PARIS (Reuters) - French peacekeeping troops in Central African Republic killed at least five gunmen after coming under attack from Muslims and Christians at two different locations in Bambari, northeast of the capital Bangui, an army spokesman said.
Seleka Muslim rebels seized power in March 2013 and their attacks on the majority Christian population set off a wave of reprisals in which thousands have been killed and about a million displaced.
The Seleka coalition was forced to relinquish power under international pressure in January, but there are still differences over the make-up of the new government, which is headed by a Muslim.
French Army spokesman Gilles Jaron said the latest violence, in which the U.N. peacekeeping force MINUSCA and the French Sangaris mission came under fire on Wednesday from automatic weapons and rocket-propelled grenades, appeared to be criminally rather than politically motivated.
"We returned fire. We think we killed five to seven people," Jaron said. "We found ourselves in a peculiar situation where we were attacked by what appeared to be Muslim forces to the west of the city, and anti-balaka Christian militias to the south."
Bambari, a market town of 65,000 people, is a crossroads for traders and a starting point for journeys to Chad and Cameroon. It lies close to the dividing line between Central African Republic's largely Christian south and the Muslim-dominated north, with the Seleka forces using it as their military headquarters.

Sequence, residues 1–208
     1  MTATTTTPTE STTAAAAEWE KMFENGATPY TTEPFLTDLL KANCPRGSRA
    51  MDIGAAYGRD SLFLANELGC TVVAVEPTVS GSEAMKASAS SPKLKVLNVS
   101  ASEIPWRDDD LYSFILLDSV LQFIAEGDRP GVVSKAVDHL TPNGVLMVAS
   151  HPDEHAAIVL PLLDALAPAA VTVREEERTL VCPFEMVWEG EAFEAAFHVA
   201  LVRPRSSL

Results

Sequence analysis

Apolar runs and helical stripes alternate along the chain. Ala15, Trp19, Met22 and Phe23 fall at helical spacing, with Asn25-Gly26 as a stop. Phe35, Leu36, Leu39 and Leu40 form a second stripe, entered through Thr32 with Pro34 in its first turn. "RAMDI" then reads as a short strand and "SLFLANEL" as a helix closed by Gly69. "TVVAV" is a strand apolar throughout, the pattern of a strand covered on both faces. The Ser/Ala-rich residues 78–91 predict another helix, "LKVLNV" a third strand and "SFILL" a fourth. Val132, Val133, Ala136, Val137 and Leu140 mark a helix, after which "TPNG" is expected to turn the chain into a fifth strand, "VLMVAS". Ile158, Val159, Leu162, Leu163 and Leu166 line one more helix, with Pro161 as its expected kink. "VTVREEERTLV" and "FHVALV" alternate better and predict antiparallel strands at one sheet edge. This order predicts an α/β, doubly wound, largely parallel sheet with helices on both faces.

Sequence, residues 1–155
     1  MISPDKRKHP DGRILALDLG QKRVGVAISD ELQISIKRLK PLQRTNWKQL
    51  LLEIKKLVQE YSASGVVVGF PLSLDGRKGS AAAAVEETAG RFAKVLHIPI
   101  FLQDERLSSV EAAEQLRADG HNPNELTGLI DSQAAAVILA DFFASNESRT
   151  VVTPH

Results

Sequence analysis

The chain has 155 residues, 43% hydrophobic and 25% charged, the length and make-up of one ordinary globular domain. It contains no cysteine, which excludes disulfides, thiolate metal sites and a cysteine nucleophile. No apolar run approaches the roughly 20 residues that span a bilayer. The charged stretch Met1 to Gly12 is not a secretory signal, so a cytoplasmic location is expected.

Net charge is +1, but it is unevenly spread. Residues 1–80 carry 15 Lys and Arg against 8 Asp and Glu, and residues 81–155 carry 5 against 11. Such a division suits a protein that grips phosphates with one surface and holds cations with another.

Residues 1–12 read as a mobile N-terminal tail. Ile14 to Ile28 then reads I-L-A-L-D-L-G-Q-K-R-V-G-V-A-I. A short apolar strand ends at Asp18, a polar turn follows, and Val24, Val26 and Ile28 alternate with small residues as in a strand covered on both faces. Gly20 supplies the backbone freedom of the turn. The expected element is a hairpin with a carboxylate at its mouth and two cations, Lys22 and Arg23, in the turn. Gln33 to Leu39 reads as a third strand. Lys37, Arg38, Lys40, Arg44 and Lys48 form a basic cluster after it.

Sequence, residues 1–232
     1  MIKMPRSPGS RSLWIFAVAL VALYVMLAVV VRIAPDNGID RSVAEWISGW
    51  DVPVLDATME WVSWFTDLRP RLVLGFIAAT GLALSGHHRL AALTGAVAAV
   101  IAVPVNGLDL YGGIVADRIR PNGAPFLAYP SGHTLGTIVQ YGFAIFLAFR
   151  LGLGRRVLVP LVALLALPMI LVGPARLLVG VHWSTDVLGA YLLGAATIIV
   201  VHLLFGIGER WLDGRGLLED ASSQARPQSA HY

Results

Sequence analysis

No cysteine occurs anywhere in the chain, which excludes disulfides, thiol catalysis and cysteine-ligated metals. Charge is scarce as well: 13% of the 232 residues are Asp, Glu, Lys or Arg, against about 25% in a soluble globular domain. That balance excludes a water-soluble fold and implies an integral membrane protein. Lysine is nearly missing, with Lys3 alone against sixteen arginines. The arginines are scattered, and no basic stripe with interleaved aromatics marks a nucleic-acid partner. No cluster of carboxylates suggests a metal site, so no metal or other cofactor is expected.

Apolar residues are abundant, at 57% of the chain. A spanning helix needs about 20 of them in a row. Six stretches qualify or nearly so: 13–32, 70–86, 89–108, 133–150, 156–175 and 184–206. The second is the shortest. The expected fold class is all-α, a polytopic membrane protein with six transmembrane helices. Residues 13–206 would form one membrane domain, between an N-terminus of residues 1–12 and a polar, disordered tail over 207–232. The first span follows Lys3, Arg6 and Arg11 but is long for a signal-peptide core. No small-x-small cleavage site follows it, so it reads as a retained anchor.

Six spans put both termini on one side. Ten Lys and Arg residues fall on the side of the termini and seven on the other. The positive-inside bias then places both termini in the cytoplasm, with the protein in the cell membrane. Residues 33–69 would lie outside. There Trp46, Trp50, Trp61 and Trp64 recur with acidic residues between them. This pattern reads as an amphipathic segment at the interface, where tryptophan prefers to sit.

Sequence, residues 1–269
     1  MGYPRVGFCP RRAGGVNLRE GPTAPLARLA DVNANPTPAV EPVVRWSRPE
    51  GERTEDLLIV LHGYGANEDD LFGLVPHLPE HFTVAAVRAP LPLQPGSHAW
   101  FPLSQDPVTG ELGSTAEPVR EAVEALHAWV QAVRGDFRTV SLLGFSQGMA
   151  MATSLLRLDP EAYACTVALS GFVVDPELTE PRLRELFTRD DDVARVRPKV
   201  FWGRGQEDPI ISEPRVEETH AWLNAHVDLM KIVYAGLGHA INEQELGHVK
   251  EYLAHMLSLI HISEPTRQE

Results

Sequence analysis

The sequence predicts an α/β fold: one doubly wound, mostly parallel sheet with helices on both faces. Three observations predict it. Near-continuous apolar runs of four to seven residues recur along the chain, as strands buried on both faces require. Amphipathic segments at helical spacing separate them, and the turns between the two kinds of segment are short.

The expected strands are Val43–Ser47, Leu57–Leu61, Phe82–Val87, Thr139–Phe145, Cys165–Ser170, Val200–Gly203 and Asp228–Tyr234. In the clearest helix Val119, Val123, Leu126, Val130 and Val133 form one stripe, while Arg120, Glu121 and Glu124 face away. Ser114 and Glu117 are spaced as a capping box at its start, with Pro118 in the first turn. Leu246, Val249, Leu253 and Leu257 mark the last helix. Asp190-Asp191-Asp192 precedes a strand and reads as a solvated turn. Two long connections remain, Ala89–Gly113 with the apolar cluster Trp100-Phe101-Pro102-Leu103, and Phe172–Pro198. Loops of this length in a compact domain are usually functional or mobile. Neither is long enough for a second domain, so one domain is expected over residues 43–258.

Jaron said that once the French force was able to push back the two groups, some individuals looted two international non-profit organizations, including the Red Cross.
"There weren't many of them and they did not have the support of the local population," Jaron said. "We think it was more criminally motivated, in that the individuals want to re-establish a lawless zone."
The Bambari region has been the scene in recent weeks of gun battles between rival factions of the Seleka rebels who control the area and are divided on whether to reconcile with the central government in Bangui.
Most Muslims have fled the south of the country to escape violence, creating a de facto partition. Some members of the Seleka leadership have pushed for this to be formalized.
Roughly 2,000 French and 6,000 African Union peacekeepers have been deployed to Central African Republic, a former French colony, but have struggled to help the weak transitional government impose its authority.
(Reporting by John Irish; Editing by Mark Trevelyan)